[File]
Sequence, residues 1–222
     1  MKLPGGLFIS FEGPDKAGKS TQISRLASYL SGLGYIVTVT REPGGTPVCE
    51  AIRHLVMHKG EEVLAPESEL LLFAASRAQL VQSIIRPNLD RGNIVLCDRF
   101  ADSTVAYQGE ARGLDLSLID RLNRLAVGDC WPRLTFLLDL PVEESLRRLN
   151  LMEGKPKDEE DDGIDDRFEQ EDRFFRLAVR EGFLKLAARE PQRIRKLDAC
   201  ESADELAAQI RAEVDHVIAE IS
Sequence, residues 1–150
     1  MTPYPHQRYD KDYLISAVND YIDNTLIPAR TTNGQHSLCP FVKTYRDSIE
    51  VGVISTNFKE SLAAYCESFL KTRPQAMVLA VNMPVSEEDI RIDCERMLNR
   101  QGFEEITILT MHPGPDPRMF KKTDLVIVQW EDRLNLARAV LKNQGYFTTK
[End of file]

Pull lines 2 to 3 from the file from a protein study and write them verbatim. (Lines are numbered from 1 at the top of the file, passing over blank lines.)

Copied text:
     1  MKLPGGLFIS FEGPDKAGKS TQISRLASYL SGLGYIVTVT REPGGTPVCE
    51  AIRHLVMHKG EEVLAPESEL LLFAASRAQL VQSIIRPNLD RGNIVLCDRF